Learn Opinion social care

Reimagining society, reimagining care

Rt Revd and Rt Hon Dame Sarah Mullally DBE, Bishop of London

The Rt Revd and Rt Hon Dame Sarah Mullally DBE is the Bishop of London and the Lead Bishop for Health and Social Care in the House of Lords. She was previously the Chief Nursing Officer for England.  Here she explains the role of society in enabling everybody to live a good life

How could we develop a vision for care and support which enables everyone – regardless of age or ability – to flourish?

This was the question the Archbishops’ Commission on Reimagining Care sought to answer in a report published in January 2023. The Commission outlined a vision of the future which would reimagine the way that social care is thought about, organised, and delivered. Doing so requires us to lift our eyes and raise our aspirations.

As the name suggests, the Commission was established by the Archbishops of Canterbury and York. Whilst the expert panel of Commissioners comprised of people of different faiths and none, there was a particular focus on understanding social care through the prism of Christian theology, tradition and values. You may not be surprised that I believe there is great richness in approaching social care in this way. At the heart of our faith is a belief that every single human being is of innate value and dignity, not because of what we do or contribute, but because we have been created in the image of God. We believe that God dwelt among us in the person of Jesus Christ. Through his life, death and resurrection, we are shown a radical way of understanding what it means to be human. We are created for a purpose infinitely larger than ourselves.

What difference does it make to explore social care from this perspective?

First, it helps us to think about the nature and purpose of a good life. Desmond Tutu, the great racial justice and reconciliation pioneer of South Africa, spoke often of the principle of Ubuntu, which is best described as follows: I am, because we are; my humanity is caught up with your humanity. At the heart of Ubuntu is the belief that we all need each other; that my flourishing depends on yours; that yours depends on mine.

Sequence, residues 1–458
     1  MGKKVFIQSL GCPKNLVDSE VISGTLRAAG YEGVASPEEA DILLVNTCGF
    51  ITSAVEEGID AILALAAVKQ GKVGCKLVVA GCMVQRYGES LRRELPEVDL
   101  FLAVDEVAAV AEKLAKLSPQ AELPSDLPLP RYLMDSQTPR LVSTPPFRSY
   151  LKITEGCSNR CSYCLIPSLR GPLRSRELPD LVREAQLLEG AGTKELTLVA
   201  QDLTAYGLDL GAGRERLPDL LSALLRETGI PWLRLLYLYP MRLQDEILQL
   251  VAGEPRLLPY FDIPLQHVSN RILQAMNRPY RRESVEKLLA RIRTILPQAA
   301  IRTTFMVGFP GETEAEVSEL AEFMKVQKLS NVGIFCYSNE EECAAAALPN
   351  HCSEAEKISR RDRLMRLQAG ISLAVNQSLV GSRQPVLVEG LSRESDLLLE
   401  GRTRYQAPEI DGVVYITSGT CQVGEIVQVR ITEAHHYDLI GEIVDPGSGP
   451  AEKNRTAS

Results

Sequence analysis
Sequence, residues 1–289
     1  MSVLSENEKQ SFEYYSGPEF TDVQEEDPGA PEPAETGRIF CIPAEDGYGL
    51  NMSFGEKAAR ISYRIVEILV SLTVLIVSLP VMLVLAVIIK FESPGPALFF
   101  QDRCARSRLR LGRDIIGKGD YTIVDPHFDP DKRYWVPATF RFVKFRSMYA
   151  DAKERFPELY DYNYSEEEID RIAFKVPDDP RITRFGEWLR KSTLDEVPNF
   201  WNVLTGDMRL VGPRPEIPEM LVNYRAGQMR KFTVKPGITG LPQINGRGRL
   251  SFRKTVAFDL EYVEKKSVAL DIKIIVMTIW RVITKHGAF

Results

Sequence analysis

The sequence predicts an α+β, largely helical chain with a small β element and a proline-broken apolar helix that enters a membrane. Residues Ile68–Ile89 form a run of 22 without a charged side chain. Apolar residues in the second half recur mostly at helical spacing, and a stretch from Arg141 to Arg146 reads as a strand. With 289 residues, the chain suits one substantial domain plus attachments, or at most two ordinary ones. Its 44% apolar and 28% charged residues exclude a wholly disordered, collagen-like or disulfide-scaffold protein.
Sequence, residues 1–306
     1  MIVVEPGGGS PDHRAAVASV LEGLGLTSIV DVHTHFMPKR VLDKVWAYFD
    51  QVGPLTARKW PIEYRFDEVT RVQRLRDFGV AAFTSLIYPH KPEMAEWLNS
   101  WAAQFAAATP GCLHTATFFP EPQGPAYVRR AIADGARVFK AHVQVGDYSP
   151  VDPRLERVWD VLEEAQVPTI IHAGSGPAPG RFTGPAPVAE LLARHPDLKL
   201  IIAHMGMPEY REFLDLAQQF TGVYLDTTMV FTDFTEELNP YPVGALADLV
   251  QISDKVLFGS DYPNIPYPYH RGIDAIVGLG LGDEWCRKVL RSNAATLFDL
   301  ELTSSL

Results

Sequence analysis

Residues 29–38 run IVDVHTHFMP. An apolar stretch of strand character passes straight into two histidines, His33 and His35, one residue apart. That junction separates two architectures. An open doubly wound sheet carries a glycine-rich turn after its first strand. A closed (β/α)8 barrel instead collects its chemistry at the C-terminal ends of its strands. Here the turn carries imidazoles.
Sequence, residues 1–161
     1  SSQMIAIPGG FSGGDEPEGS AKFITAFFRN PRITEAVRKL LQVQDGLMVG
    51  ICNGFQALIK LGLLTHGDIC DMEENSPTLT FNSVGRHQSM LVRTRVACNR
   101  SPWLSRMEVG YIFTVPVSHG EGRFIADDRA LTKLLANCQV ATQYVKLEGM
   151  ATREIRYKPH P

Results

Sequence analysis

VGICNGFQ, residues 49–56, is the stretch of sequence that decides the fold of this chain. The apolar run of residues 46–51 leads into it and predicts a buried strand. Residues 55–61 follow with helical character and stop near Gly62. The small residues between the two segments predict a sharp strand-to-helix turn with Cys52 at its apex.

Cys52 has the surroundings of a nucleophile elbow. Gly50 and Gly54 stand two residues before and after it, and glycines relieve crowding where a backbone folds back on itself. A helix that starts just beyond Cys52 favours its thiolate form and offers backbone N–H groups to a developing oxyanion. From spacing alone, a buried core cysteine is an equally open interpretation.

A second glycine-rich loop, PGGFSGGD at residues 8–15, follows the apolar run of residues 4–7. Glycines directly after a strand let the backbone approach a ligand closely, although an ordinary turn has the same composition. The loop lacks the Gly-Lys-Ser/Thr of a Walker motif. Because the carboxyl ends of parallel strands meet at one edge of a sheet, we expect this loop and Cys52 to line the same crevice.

A good life does not depend on each of us gaining more independence. Of course we want to see people who draw on care and support enjoying as much freedom to do the things that bring joy, fulfilment and purpose as anyone else – in the words of a House of Lords report, ‘a gloriously ordinary life’. But none of us are truly independent. We saw starkly just how much we rely on one another during the pandemic, when we were dependent on the generosity of neighbours, the dedication of key workers, the skill of medical professionals. We all have needs – emotional, physical and spiritual – which are often most helpfully met when we cherish our interdependence in pursuit of a good life together. Our approach to social care should be based on the principle that we need one another, not caring for the vulnerable out of pity or charity.

Second, it enables us to move beyond the idea of society as an abstract construct. We are society. Therefore, the question is not about the role of society in enabling people to live the good life, but of what we each will do with and for the people around us. We must recognise our shared stake in getting this right. There is an important role for national government, ensuring that social care reform is a priority at a time of limited resources, providing the vision and investment to ensure that people can access what they need. Trying to support the government to do this work is what those involved in the Commission will continue to do.

But reimagining care is a shared endeavour, requiring everyone to play our part by loving our neighbour and committing to nurturing communities of warmth and authentic participation, so that we can each experience the full life for which we were created.




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